Cross compiling ffmpeg


As you can see from attachment putty.txt, I have successfully built a static version of ffmpeg 4.4 as I need the libraries for Migrate Vn 0.9 (all about adding transcoding subtitles : including non-graphical forms). Slightly off topic : I offered my DVD language metadata enhancements to ffmpeg on ticket #9158 and it went down like the proverbial lead balloon.

I wondered if it was possible to build the shared libraries from the static objects I had i.e. no other dependencies e.g. libx264, libx265, … Or to put it another way no dependencies outside ffmpeg’s DSOs (Dynamic Shared Object also known as shared library). Building a DSO from purely static parts is a generic linux “black art”.

As you can see from attachment Errors.txt, I have made DSOs that the “on box” GCC is happy to link against. The .7z of the .tar used is 11.7 MB (12,316,672 bytes) so is probably bigger than I can attach. My “silly question” is am I missing a package for the llrint(f) errors? I know these functions are not part of ulibc, but I have only installed the basic gcc bundle.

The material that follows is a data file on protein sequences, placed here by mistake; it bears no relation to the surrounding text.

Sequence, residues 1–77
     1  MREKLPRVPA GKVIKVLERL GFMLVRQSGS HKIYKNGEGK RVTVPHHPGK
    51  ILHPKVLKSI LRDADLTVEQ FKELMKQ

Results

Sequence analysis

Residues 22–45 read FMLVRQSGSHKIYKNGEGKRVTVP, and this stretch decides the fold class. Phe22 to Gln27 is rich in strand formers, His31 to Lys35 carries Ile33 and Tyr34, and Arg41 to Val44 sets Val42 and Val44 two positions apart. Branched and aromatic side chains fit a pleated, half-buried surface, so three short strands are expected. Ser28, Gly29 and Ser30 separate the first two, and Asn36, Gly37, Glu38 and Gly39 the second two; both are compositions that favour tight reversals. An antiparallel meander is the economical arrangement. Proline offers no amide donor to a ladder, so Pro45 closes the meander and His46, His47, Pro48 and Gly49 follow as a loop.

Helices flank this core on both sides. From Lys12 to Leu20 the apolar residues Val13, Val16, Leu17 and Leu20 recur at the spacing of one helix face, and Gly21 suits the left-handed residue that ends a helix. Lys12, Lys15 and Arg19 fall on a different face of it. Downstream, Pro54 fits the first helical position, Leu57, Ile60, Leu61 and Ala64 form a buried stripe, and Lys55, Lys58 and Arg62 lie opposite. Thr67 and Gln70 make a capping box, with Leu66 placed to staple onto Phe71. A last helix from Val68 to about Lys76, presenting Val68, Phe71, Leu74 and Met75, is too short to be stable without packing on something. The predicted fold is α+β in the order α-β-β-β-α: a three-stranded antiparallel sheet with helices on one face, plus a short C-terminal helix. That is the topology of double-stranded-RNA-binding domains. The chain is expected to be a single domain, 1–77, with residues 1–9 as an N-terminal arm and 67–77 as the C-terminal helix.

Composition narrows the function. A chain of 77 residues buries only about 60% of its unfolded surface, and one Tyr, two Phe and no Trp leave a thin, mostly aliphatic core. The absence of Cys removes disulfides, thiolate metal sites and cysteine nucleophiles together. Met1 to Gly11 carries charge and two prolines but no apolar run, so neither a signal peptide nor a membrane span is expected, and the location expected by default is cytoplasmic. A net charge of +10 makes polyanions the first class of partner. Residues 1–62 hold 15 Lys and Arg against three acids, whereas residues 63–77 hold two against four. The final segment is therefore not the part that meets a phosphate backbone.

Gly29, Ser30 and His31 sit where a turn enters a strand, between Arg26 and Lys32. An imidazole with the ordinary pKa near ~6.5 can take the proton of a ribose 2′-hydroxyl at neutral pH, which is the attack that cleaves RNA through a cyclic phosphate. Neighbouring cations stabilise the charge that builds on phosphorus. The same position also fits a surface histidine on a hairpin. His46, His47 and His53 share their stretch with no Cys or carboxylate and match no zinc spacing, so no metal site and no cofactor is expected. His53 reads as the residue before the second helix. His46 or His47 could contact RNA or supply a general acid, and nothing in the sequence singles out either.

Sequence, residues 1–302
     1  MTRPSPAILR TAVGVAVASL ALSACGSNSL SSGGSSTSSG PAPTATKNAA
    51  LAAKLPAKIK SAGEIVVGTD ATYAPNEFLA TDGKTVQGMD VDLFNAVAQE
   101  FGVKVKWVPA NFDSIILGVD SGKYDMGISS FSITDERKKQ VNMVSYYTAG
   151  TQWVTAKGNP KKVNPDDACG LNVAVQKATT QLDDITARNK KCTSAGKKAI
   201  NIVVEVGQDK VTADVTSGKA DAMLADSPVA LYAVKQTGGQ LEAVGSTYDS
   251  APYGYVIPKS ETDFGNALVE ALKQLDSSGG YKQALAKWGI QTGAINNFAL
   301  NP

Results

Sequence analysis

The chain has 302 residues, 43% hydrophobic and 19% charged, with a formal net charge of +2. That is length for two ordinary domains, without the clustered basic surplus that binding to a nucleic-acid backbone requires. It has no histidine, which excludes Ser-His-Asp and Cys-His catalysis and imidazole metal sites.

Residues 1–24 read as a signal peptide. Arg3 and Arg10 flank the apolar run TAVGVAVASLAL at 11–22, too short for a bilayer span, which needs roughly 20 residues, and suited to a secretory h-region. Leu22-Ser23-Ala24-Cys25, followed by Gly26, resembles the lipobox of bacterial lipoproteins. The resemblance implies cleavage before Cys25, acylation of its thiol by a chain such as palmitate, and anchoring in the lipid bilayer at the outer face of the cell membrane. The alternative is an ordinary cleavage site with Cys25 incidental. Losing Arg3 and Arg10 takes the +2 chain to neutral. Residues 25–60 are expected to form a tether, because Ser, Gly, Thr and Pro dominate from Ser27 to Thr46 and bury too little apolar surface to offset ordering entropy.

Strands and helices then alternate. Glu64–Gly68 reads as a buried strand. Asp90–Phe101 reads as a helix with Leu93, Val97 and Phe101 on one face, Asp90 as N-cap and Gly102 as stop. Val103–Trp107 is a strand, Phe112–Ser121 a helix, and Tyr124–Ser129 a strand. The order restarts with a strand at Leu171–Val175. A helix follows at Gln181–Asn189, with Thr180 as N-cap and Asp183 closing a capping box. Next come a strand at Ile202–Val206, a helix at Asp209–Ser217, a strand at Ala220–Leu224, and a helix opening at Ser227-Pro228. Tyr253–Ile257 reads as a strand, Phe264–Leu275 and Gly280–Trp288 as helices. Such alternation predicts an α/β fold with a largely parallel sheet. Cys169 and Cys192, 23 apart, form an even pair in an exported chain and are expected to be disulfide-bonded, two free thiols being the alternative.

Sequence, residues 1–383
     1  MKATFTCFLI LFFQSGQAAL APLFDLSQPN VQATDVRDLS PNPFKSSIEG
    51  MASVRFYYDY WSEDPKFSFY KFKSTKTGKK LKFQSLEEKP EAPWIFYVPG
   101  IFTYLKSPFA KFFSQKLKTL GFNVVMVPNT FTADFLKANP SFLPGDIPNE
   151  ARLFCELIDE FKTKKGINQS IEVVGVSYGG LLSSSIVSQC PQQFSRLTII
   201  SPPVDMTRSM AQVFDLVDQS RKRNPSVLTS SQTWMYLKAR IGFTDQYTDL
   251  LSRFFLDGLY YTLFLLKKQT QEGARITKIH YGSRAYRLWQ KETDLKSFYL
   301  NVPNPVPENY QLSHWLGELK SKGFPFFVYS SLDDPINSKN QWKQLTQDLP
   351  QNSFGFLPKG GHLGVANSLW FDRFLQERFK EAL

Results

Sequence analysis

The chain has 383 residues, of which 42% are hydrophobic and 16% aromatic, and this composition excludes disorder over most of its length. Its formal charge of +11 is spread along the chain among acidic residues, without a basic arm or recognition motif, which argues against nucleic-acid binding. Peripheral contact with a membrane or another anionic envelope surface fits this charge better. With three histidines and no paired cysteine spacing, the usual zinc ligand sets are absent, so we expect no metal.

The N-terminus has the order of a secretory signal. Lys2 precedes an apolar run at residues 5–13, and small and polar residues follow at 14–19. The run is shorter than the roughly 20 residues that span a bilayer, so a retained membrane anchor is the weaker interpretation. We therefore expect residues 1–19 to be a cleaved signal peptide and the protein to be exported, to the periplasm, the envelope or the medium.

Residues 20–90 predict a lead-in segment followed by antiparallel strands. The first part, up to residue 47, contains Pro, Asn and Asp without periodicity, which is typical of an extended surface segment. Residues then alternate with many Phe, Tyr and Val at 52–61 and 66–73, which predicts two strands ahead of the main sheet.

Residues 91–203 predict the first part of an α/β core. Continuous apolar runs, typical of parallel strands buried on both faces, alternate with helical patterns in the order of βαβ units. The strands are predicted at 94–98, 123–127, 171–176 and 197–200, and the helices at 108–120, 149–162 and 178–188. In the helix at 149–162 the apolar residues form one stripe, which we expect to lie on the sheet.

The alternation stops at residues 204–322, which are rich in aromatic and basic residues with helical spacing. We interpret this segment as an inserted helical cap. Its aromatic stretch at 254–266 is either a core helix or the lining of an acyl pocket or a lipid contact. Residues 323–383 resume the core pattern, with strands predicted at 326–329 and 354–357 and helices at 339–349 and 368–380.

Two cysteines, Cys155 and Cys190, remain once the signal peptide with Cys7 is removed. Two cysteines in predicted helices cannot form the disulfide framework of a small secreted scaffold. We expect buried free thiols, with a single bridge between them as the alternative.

As you can see from attachment SimulatorError.txt, my next problem is dynamic link loading TLS (Thread-Local Storage) data. As the native hardware and the simulator have almost identical linux kernels, the native is likely to have the same reaction to the DSOs. This is a very similar problem to the one that resulted in for early x86 pc’s, so I am going to try that approach for my own intellectual curiosity.


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Well-Known Member
You need compiler options -lm for /lib/, and -D_XOPEN_SOURCE=500 (or greater), and -std=c99, and #include <math.h> in the source. The -D/#define is not required according to the specification, but this is an old implementation.

Anything involving shared objects is going to need libtool, or at least I've had next to no success without it. It's a sooper-dooper shell script that calls the necessary tools depending on what is installed. There's a write-up here.

The on-box POSIX Threads library was a branch retrofitted to the version of uClibc used, as it had not yet been integrated into the main release at 0.9.29. Weird behaviour, spec violations, etc, might be expected.

The header package may not properly reflect the configuration of the on-box libraries, as evidenced by this bug. IIRC not all the functional Pthreads APIs in the .so are declared.

I recently tried to install ffmpeg on a Core i5 MacBook using Homebrew. On this old but quite beefy machine the build failed after several hours of downloading, make-ing and make check-ing hundreds of dependencies without ever getting near ffmpeg when it decided to include some new codec that is written in Rust and failed to build the Rust compiler. Nightmare.

I don't think the FFMPEG devs response to your code offer was particularly leaden. They have a page with clear guidance on submission of patches.
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Thanks for the information, but I am now more confused.